The Politics of Nothingness

     The divide between the possible and the impossible has spread beyond conception and taken the form of self-contradiction. Within this realm of denial where logic tends to slink off into obscurity, and ideas, once the bedrock of a successful and enriched society, become blurred and diminished, a new form of governance has taken shape; one which is delinquent in all precepts of ideology, truthfulness, prominence, and perseverance. A self-inflicted abhorrence which, by all measures, keeps one beyond the walls of civility and shreds all likelihood of a resurgence and reemergence of popularity. 
The new negativism, a profoundly contrarian stand that threatens only itself, is the Politics of Nothingness; the belief that images of obstruction, cries of illegitimacy, circulating conspiracy, fear, and lies, is the new path to redemption and to the retaking of the hearts and souls of the people who have crossed sides and pledged their support to fresh leadership. This mode of non-conformity and refusal to take part is the most vulgar stand that a so-called party of the people can adopt. It evokes an image of a sinking ship, its crew unleashing all lifeboats and choosing to go down into the depths because being swallowed up by the sea is better than waiting it out and hoping for rescue. They lost sight of land long ago, but they held the belief that it was always “out there” waiting to take them back. But their sense of direction failed and even the navigator perched dubiously in the crow’s nest, could not lead them to their destination. She also lost sight of the earthly islands and leapt from her perch long before the others chose to self-annihilate.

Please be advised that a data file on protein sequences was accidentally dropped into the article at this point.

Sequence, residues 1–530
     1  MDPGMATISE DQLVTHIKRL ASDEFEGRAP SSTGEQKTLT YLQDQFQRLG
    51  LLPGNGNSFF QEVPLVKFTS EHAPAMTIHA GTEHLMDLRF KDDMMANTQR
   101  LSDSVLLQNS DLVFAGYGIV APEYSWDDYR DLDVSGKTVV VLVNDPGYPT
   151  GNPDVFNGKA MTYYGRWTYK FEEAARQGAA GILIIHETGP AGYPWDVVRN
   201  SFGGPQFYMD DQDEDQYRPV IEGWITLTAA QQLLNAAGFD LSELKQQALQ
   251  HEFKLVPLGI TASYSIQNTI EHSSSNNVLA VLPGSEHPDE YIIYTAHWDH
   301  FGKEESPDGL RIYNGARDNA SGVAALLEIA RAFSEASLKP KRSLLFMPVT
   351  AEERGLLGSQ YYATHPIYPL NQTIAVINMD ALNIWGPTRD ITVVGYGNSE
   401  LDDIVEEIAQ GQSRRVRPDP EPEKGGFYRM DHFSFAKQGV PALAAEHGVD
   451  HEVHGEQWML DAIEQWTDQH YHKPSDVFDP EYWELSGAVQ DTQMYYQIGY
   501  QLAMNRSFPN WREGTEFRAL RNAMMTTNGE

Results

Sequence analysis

The emptiness of their contradiction is widening. The vastness of their mediocrity is on the rise. The Politics of Nothingness is a plan sure to leave them out in the cold and take many of their followers along with them. Those who are clear, concise, and stick to their convictions will remain free and never grow weary of the richness of their beliefs, wherever it may take them. But, it is still better to have a belief in something than an avowed pledge to Nothing.

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